"AM: Well, as the PSNI demonstrated in the case of Gerard Davison, the PSNI did not protect Gerard Davison. It was unable to protect Gerard Davison. It didn't have the intelligence to make an intervention to save the life of Gerard Davison. Now there are people in the Provisional IRA who assume that they know who the killer is, or was, and they took action in their mind to remove the threat to them and also it was maybe something of a pre-emptive strike and also a retaliatory blow. I mean, when Gerard Davison was killed I wrote on my blog that anybody who expects those IRA people who turned up at Gerard's funeral to sit around waiting for someone to target them like sitting ducks was very, very foolish."

What McIntyre is inferring here, and what has become the dominant narrative since the subsequent killing of Kevin McGuigan, is that the second man killed was responsible for the killing of the first, Jock Davison, and the comrades of the first decided that they would have to take action for their own self-preservation in the light of this. The fact that the police failed to find the killer of Davison has a bearing on this.
It has been suggested that, after the decommissioning deal of 2005, Republicans asked that some weapons be retained for personal protection. It is said that the Blair Government agreed but Dublin objected. The fake monitoring body, set up by the British in competition with the real International one, reported the existence of these guns and the DUP was fully aware of this, but still did its deal with Republicans nonetheless.
Like the "On the Runs" issue, there is a great capacity for ignorance when it suits and discovery when it suits.
In September 2008 the British and Irish Governments asked their Independent Monitoring Commission to devote a report to answering the question: Is the IRA committed to non-violence? Under the heading: "Has PIRA abandoned its terrorist structures, preparations and capability?" it reported back to its masters:

"We believe that it has. The so-called 'military' departments have ceased to function and have been disbanded… the organisation's former terrorist capability has been lost. PIRA is not recruiting or training members and the membership continues to decline, and there is some issue as to what membership means in the absence of activity. In so far as gathering information or intelligence may continue in any limited way—not in itself improper if it does not involve illegal methods or intent—we believe that it is mainly for the purpose of ascertaining the nature of any threat from dissident republicans."

Gerry Adams' recent statement that the IRA has gone away y'know, is easily reconcilable with all of this. As the 2008 Report states, the gathering of Intelligence for purposes of self-protection is entirely legitimate and has taken place outside of the old military structures, which have ceased to exist.
Belfast Catholics/Republicans, due to 50 years of Stormont housing policy aimed at hemming the Fenians in, continue to live cheek by jowl. They do not require formal military structures to look out for each other or defend themselves. 'Intelligence' is still offered to those considered Republicans to facilitate the peace and stability of communities. Belfast communities are traditionally tight. They live as neighbours and behave in a neighbourly fashion. You could, as a stranger, have gone on a march into Ardoyne and been invited for Sunday dinner by someone. Part of it was hospitality and part of it was finding out who you were.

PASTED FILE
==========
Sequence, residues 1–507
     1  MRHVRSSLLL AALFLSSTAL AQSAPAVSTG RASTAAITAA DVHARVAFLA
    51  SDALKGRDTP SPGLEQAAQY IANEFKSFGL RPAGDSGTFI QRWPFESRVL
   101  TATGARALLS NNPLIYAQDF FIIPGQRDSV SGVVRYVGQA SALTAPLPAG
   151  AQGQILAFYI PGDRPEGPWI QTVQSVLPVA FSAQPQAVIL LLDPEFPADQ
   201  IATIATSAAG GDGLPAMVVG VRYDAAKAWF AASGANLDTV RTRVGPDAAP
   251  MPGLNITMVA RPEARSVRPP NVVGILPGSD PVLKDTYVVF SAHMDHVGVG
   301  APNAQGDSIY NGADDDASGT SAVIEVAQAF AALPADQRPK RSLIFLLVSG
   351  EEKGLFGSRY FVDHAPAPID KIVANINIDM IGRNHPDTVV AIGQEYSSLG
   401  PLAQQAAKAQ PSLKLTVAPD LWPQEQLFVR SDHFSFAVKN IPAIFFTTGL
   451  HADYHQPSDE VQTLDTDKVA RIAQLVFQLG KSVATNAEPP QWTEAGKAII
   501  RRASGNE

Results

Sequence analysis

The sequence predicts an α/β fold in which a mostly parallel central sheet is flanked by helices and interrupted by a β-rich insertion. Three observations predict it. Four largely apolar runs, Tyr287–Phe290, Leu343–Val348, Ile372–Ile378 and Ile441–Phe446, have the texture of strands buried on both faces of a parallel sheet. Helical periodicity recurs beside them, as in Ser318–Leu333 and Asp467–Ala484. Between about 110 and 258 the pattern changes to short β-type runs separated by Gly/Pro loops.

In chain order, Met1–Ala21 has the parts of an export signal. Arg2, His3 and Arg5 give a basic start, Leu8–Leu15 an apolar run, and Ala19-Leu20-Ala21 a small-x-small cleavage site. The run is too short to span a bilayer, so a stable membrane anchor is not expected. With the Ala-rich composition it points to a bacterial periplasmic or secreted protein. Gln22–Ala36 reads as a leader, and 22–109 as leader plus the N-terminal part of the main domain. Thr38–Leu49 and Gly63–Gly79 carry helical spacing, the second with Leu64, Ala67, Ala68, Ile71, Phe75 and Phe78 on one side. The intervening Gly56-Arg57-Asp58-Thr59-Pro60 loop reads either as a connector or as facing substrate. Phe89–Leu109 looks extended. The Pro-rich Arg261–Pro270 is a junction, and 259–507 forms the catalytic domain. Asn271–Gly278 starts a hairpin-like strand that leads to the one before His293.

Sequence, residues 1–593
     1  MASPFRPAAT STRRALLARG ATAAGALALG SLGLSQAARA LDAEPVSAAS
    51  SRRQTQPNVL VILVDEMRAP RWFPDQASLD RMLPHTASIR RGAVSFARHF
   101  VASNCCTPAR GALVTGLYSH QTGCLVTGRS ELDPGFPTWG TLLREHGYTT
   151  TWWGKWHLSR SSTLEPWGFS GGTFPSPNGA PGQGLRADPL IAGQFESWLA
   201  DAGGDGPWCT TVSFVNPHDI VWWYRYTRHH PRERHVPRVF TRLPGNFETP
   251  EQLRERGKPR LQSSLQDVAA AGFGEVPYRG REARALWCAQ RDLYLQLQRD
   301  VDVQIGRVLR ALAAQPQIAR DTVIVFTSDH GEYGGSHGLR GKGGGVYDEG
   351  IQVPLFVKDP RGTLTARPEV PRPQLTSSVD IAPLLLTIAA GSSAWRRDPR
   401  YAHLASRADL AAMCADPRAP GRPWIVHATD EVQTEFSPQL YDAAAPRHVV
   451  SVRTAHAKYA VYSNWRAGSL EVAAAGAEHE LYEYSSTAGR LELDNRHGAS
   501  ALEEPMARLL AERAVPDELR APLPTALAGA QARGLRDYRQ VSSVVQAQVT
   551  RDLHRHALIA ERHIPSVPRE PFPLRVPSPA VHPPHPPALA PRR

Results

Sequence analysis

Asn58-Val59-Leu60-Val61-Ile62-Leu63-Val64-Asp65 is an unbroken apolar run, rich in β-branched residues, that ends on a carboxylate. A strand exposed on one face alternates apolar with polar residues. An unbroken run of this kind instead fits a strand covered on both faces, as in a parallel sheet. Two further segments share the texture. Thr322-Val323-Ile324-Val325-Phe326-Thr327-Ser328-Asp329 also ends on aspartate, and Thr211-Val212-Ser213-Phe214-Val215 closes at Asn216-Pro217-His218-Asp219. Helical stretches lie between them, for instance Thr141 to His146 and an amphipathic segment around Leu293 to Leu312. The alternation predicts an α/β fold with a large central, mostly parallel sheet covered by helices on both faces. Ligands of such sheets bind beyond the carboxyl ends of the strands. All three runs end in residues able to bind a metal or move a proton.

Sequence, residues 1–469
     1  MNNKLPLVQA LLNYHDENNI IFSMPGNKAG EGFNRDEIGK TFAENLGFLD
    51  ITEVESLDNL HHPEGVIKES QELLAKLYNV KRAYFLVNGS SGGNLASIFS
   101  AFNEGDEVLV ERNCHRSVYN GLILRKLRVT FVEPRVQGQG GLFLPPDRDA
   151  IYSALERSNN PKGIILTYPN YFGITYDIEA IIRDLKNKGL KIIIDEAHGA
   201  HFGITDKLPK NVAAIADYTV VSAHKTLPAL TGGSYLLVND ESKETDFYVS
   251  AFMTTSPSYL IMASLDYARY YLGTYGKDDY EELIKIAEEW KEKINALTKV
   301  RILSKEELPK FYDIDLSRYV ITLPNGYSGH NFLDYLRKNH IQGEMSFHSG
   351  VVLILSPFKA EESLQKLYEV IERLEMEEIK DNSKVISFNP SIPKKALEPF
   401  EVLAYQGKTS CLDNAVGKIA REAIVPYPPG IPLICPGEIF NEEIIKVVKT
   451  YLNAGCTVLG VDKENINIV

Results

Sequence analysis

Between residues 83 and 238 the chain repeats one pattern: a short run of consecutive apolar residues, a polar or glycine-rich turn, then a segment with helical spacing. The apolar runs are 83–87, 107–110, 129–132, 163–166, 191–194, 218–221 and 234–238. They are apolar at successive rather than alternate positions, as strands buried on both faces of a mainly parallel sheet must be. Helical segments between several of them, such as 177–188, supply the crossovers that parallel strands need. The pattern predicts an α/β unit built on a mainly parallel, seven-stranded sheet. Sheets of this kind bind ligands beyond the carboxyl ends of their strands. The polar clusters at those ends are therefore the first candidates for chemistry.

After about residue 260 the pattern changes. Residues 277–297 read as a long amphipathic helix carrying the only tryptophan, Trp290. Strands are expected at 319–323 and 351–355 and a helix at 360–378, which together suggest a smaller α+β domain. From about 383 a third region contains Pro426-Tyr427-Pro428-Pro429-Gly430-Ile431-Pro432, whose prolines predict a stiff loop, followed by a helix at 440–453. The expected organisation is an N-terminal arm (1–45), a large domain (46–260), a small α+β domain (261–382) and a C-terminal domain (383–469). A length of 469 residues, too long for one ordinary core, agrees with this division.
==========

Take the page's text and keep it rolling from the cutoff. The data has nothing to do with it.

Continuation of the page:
In 1969 this neighbourliness produced both the IRA and the Catholic ex-servicemen. Frank Burton, an English sociologist wrote an interesting book about it called the Politics of Legitimacy. During the 28 Year War the communities became even closer and more cohesive, due to necessity, for general protection and in order to create an instrument that would transform their position.
It would be ridiculous to believe that these people and communities would become disconnected atoms when the War ended, as if they lived the lives of those in South Dublin or Surrey, or they would cease to look out for each other, after all they had been through—military structures or not.

One Belfast journalist, a long-standing critic of Sinn Fein, who has, for reasons unexplained, pursued an agenda against the retreat from the battlefield, is presently corresponding with an alleged gun-runner who is attempting to implicate a senior Republican. The suggestion is that guns were run by the IRA when disarming was taking place and these guns were used for killing. The hope seems to be that by slinging more mud this will scupper the new round of talks aimed at a prevention of a Stormont fall over the cliff, by enraging Unionists further: And then what?
This journalist obsession with "missing guns", imagines the situation today is the same as it was during the past. But guns, these days, are much more readily available than they were during the War. They were tightly controlled then and the State was on the lookout for them constantly. They are quite commonplace in London and Dublin these days. We have the West to thank for that, for what it has done since it saw off Russia in the 1990s (or thought it had).
Republican statements that the killers of both former Republican prisoners were "criminals" puts the clearest blue water between the shootings and Republicanism and puts paid to any idea that the IRA killed Kevin McGuigan. That should be clear. But it has nowhere been remarked that this is just about as strong a statement as Sinn Fein could have made—worth a thousand condemnations—since 10 men had died on Hunger Strike to resist the criminal label.

The current leader of Fianna Fail Michael Martin has bizarrely called for the Assembly to be suspended, which could only occur through emergency Westminster legislation and a breaking of existing agreements on the part of the British. That really shows him up for an ignoramus: he has stronger demands than Unionism and is prepared to sacrifice everything Haughey and Reynolds put together.